There are generally two broad reasons why we might publish material that would otherwise raise ethical concerns: the first is that it serves a wider public interest; the second is that the information is already established in the public domain. Neither justification is entirely black or white.
Reliance on the public domain argument is particularly fraught. It cannot be adequate for a responsible media organisation to publish highly intrusive material just because there is some reference to it in a dark corner of the internet. On the other hand, if information is being widely talked about on Twitter, for instance, that might provide a defence for onward publication in the mainstream.
When social media started to take over the world a decade or so ago, there were whispers about the possibility that less scrupulous journalists might seek to indulge in a kind of information laundering. To create a justification for publishing information that would in normal circumstances be invasive, they would leak it quietly online and, once it had done the rounds, it would pop up in the paper, defended on the grounds that it was already commonly known by internet users. Whether that ever happened in practice, I just don’t know.
On Friday I was asked by a reporter from the BBC whether our decision to publish the haunting image of Aylan al-Kurdi last week was at least partially encouraged by it having been widely shared on Twitter. In the sense that its appearance on social media provided a justification in and of itself, the answer was certainly no. We published the image online and in print because we believed it was of a different order to pictures we have seen before of the refugee crisis – and was one that might at last lead to action by politicians. There was a manifest public interest in showing the horrific reality of human desperation.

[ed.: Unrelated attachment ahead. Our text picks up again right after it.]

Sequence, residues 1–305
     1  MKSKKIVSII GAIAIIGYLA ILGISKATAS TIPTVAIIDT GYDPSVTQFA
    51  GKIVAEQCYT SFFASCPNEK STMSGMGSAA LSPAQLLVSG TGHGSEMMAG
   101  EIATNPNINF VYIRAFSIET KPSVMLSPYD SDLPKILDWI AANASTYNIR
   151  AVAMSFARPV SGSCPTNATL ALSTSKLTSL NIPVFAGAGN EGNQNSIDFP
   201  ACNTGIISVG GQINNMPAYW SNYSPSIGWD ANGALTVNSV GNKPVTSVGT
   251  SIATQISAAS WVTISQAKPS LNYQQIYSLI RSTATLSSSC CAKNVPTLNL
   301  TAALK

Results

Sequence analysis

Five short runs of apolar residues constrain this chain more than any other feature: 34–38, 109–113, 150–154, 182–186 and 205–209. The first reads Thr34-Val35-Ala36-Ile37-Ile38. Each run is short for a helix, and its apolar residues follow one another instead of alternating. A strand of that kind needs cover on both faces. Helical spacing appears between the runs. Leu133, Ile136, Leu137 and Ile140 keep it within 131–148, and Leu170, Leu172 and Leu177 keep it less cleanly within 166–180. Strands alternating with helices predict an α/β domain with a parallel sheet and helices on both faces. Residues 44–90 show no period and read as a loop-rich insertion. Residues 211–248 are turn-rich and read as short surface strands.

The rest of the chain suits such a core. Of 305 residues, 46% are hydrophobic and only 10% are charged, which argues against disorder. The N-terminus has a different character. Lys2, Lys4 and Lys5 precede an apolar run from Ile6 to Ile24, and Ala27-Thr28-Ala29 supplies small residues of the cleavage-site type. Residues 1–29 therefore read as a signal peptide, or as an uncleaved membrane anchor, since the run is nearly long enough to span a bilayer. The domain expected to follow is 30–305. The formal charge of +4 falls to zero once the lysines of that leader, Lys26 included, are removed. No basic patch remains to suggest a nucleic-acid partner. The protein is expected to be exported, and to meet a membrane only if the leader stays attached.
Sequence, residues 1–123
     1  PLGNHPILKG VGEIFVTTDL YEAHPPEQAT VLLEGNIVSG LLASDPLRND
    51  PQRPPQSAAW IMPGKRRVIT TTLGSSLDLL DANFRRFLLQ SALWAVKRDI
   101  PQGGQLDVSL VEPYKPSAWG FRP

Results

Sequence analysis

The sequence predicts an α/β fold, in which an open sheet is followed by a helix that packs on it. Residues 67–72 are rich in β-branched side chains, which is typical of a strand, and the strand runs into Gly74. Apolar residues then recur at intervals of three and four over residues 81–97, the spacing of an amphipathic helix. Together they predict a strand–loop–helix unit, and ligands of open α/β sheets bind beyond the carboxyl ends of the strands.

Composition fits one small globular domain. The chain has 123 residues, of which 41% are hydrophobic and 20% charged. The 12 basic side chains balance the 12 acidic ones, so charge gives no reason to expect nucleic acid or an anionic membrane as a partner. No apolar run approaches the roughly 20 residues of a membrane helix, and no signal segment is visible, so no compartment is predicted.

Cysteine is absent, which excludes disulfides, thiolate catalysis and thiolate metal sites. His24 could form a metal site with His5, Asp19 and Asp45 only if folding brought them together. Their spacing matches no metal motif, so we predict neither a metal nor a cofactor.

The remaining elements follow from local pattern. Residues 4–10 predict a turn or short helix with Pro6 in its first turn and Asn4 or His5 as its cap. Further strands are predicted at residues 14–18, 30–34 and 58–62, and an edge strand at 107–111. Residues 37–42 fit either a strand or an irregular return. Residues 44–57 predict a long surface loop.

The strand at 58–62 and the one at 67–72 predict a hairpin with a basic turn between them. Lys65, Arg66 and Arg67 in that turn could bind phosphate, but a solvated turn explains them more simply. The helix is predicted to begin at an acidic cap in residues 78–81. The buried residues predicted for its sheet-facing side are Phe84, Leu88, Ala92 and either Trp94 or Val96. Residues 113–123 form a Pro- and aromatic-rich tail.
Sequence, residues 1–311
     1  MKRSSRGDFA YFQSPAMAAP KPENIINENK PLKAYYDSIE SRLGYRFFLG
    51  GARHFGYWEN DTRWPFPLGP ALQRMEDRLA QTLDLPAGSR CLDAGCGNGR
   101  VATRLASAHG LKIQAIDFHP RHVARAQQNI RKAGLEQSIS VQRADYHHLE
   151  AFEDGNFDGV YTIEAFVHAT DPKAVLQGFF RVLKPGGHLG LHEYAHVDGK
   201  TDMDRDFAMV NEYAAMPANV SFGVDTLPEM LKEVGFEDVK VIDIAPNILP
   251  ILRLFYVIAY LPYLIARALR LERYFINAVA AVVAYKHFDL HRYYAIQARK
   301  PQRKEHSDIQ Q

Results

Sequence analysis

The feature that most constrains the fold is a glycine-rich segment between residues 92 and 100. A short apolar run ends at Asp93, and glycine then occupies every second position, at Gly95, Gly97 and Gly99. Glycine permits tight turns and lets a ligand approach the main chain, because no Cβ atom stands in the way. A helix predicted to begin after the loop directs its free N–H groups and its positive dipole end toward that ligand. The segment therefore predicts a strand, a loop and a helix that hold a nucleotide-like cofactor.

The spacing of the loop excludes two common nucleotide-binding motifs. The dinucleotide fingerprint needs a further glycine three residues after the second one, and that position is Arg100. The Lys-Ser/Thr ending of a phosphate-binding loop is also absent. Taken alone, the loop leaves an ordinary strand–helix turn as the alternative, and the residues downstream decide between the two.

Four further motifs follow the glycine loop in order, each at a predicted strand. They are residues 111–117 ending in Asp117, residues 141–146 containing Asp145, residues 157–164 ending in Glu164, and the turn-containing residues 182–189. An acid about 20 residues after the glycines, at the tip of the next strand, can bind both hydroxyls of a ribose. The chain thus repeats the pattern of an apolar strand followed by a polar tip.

By contrast, a week earlier we had decided not to publish many of the available images – and footage – showing the murders of Alison Parker and Adam Ward in the US. Like the haunting picture of Aylan, material showing the killings of the Virginia journalists was all over Twitter. Yet that did not seem to us to justify re-publication since we did not believe there was an overriding need to show people in the moments of their death.
Of course there are times when the public availability of information online helps us to justify our own use of it: but that cannot be the only consideration. Indeed, quite aside from questions of good taste and intrusion, seeing something on social media doesn’t make it true. Newspapers, ultimately, are curated spaces with editing at their heart. We should not cede the responsibility for making good decisions by simply replicating the free-for-all we can see on Twitter and elsewhere.
Call for diversity is not discrimination
A handful of readers expressed concern about a recent comment piece by Yasmin Alibhai-Brown, which suggested that, despite the many qualities of Jeremy Corbyn, the last thing British politics needs is another white male leading a political party.
Some argued that this amounted to discrimination against Corbyn on the grounds of race and gender. Yet in fact, the column was setting out a general view about the need for greater diversity at the head of political parties: it was not a personal attack on Corbyn himself for being white or a man. If the law or regulatory codes prohibited the publication of such opinions, there would surely be an undue restriction on freedom of expression.Reuse content